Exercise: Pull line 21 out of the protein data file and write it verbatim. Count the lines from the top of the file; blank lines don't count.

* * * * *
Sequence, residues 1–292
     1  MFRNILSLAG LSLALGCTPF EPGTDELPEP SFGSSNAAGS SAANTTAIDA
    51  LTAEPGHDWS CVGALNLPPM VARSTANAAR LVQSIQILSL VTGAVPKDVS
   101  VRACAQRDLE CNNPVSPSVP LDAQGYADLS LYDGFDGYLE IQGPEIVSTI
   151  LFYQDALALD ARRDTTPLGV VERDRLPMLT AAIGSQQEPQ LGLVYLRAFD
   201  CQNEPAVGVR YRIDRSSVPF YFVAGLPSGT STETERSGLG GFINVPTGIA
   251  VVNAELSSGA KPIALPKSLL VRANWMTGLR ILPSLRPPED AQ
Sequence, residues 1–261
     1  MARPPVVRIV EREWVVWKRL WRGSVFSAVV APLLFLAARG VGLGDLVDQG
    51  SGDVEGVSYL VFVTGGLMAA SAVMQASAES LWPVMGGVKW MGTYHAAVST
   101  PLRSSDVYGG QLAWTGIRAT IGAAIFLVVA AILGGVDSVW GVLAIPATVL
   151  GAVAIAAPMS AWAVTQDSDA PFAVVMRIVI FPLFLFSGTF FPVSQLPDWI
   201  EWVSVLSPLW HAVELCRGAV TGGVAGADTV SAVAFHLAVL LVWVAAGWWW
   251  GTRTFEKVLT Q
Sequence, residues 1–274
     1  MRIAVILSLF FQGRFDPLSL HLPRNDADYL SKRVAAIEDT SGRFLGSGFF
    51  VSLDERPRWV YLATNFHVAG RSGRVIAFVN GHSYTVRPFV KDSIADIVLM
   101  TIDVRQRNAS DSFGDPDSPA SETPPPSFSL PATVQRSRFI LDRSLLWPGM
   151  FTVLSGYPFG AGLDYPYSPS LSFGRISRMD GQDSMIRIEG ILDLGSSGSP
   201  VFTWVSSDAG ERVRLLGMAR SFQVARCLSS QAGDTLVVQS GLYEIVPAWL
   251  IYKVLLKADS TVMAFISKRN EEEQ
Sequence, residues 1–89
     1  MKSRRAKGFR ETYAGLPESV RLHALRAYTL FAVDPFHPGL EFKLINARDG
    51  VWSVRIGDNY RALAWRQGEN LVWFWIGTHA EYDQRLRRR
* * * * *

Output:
   251  IYKVLLKADS TVMAFISKRN EEEQ